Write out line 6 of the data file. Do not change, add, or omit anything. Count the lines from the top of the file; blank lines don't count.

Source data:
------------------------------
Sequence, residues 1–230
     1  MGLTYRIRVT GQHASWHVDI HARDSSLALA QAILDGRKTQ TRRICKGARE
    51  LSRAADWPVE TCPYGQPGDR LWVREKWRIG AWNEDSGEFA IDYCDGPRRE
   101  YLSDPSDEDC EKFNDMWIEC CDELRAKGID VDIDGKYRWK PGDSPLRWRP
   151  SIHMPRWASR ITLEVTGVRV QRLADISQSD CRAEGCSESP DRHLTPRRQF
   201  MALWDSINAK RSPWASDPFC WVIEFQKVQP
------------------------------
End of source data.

   201  MALWDSINAK RSPWASDPFC WVIEFQKVQP